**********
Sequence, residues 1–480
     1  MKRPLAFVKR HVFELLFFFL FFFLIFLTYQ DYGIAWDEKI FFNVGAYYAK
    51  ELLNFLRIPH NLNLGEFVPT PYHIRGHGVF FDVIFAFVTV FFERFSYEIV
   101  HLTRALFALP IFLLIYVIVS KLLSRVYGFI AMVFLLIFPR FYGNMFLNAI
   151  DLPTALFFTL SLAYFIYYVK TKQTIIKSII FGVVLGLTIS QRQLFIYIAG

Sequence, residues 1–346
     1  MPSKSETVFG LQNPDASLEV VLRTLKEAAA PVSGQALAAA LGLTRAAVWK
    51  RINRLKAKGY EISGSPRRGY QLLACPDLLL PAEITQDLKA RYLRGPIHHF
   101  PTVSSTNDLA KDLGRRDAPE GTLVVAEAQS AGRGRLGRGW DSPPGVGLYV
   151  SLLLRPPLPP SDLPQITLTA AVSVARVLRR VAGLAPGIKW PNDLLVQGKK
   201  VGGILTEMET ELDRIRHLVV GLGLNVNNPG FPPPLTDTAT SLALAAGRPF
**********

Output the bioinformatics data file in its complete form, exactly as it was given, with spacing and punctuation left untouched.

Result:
Sequence, residues 1–480
     1  MKRPLAFVKR HVFELLFFFL FFFLIFLTYQ DYGIAWDEKI FFNVGAYYAK
    51  ELLNFLRIPH NLNLGEFVPT PYHIRGHGVF FDVIFAFVTV FFERFSYEIV
   101  HLTRALFALP IFLLIYVIVS KLLSRVYGFI AMVFLLIFPR FYGNMFLNAI
   151  DLPTALFFTL SLAYFIYYVK TKQTIIKSII FGVVLGLTIS QRQLFIYIAG

Sequence, residues 1–346
     1  MPSKSETVFG LQNPDASLEV VLRTLKEAAA PVSGQALAAA LGLTRAAVWK
    51  RINRLKAKGY EISGSPRRGY QLLACPDLLL PAEITQDLKA RYLRGPIHHF
   101  PTVSSTNDLA KDLGRRDAPE GTLVVAEAQS AGRGRLGRGW DSPPGVGLYV
   151  SLLLRPPLPP SDLPQITLTA AVSVARVLRR VAGLAPGIKW PNDLLVQGKK
   201  VGGILTEMET ELDRIRHLVV GLGLNVNNPG FPPPLTDTAT SLALAAGRPF